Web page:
Bank on Goalie’s Gambler Fallacy! Penalty Tip from Turkish Scientist

Science Fields

Sadly for some teams it did not come before the latest World Cup, but strikers who will troop  out to the pitches for the approaching Euro Cup and Champions League are well advised to lend an ear to a tip from a Turkish scientist from a prestigious British University: Exploit gambler’s fallacy of the goalie!

Regular time is over. Yet, it is not decided who will qualify for the next round, or who will lift the cup… The two extension periods also failed to break the deadlock…  So the penalty shootout will decide the outcome… The two squads form circles with heads bowed and decide among themselves who will take the penalties… Those not chosen for the task are relieved… All they’ll have to do is lock arms and watch outside the penalty area… Goalies are naturally stressed… But more so are the penalty takers… Leaving aside the blow to their reputation if they miss, the whole blame for the lose will be put on their shoulders… Time for the final preparations… The goalie and striker engage in posturing to test each other’s nerves, to disrupt their concentration… Finally the ref comes forth and places the ball on the penalty point… Breaths are held in the stalls and in front of the TV sets at home… The striker approaches the ball…

For the next instant, Erman Misirlisoy from the University College London Cognitive Neurosciences Institute has words for the goalies, penalty takers and coaches.

For the study published in Current Biology, Misirlisoy and colleagues watched the videos of the penalty shootouts in the World Cup and European Championship tournaments from 1976 to 2012.

What they have found out is that penalties are taken to the right or left side of the goal in random fashion. The dives of the goalies to either side were found to be inconsistent with the direction taken by the ball. This shows that the goalies make up their minds about the side to dive not according to the balls’s trajectory, but according to the decision  they make before the shot is taken, which makes it a decision taken randomly, too.

What is non-random, however, is the propensity of the goalies to dive to the other side for the next shot after the ball is repeatedly shot to one side in the previous kicks.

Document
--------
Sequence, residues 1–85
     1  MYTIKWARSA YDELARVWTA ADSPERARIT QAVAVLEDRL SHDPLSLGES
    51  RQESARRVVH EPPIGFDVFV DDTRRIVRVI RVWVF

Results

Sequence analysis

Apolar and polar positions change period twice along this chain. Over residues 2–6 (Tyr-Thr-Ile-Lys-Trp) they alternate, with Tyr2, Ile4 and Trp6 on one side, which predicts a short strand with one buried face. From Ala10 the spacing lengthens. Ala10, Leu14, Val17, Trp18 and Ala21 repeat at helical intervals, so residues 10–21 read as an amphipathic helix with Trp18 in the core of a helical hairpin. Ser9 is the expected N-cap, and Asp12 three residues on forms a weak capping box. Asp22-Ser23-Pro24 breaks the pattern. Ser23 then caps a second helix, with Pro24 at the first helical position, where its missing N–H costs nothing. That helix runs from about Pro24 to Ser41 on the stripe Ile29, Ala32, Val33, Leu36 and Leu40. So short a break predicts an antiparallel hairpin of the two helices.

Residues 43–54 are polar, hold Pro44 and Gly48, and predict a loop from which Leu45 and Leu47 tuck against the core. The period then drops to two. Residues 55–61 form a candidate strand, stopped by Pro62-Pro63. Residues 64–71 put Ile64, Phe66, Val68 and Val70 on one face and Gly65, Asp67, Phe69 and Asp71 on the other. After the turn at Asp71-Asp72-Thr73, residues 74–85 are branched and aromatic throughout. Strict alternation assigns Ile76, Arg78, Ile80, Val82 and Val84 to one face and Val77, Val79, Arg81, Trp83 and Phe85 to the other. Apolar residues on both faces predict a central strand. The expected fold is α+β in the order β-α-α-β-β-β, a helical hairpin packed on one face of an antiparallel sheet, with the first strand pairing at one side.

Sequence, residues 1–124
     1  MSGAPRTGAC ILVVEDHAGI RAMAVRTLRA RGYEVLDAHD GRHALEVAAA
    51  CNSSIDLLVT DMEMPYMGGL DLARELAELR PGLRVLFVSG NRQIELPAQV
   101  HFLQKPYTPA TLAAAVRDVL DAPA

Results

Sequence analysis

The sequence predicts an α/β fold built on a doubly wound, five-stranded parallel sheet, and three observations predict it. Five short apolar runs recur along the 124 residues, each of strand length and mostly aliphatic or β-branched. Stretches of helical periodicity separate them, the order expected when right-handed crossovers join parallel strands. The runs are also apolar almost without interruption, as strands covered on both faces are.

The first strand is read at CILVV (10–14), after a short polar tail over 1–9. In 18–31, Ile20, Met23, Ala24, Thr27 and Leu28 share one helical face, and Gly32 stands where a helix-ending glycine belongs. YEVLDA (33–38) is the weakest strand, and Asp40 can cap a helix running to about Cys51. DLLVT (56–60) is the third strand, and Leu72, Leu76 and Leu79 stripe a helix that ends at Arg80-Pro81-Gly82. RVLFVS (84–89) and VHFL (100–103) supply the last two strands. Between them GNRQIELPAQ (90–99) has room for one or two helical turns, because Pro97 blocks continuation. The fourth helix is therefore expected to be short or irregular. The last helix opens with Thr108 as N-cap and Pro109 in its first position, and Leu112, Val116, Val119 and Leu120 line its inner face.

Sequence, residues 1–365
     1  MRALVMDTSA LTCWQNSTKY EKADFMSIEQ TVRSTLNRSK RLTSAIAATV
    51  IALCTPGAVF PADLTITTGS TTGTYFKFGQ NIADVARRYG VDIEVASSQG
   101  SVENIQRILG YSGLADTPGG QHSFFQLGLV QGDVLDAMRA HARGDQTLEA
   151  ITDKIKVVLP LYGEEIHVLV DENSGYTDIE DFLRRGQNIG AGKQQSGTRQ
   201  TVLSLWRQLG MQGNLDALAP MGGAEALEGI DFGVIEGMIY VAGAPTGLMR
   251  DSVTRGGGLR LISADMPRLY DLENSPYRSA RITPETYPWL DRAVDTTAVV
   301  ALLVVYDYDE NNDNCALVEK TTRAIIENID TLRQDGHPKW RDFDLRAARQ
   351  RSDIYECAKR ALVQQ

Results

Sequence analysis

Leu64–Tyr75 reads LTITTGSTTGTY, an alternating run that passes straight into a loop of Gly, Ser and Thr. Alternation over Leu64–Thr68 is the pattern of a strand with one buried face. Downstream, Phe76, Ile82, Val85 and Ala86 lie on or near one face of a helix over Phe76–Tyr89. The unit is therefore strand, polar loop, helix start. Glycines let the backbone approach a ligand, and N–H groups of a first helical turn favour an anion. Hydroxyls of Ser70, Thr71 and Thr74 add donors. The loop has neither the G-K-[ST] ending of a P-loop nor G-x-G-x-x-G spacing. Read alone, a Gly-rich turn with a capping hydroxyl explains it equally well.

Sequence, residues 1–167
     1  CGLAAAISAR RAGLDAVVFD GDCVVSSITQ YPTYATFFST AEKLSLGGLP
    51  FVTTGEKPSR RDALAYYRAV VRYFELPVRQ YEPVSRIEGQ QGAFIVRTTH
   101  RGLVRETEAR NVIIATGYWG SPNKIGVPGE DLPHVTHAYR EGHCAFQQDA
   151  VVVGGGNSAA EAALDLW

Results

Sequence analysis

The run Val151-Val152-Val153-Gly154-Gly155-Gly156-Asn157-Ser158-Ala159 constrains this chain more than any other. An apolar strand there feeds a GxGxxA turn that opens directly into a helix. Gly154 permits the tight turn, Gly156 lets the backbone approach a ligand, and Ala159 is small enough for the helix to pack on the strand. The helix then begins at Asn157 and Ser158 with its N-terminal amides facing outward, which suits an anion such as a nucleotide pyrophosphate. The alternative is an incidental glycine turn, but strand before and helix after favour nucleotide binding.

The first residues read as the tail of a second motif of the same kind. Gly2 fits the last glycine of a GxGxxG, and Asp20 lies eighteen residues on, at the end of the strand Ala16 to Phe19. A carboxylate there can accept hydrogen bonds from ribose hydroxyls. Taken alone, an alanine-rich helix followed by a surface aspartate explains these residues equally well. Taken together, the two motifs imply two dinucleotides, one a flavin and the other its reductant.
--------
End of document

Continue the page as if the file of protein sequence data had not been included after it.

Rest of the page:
Misirlisoy ties this to a phenomenon dubbed “gambler’s fallacy”, as seen in coin tossers’ expectations that after a few consecutive heads, the next one is bound to be a tail. As it is, however, the which side of the coin will come up is purely a random event, just as which side of the goal the taken shot will head to.

According to Misirlisoy strategies based on total randomness are the ones most successful in competitive games. The UCL researcher points out that a penalty taker,  sensing that the goalie does not heed this rule and displays signs of gambler’s fallacy, gains the upper hand and aims the ball to the side opposite to the one the gambling goalie dives. He expresses surprise that penalty takers do not exploit this tendency among the goalies.

Study’s senior author Prof. Patrick Haggard has an explanation for why the gamble pays off for the goalies not too infrequently.  For one thing, the penalties are rare events in a game. “But there is a more psychologically interesting possibility: shoot-outs are asymmetric, because one goalkeeper faces several different kickers, one after the other. Kickers are under enormous pressure, focused on the moment of their own kick. Each individual kicker may not pay enough attention to the sequence of preceding kicks to predict what the goalkeeper will do next.”

Misirlisoy thinks, this can be taught. “People can learn to predict: perhaps football coaches could study the gambler’s fallacy, and could train their penalty kickers in preparation for the next World Cup. At the same time, goalkeepers could also learn to be less predictable”


  • 1. “Goalkeepers prone to ‘gambler’s fallacy’ but penalty takers fail to exploit it”, University College London, 31 Temmuz, 2014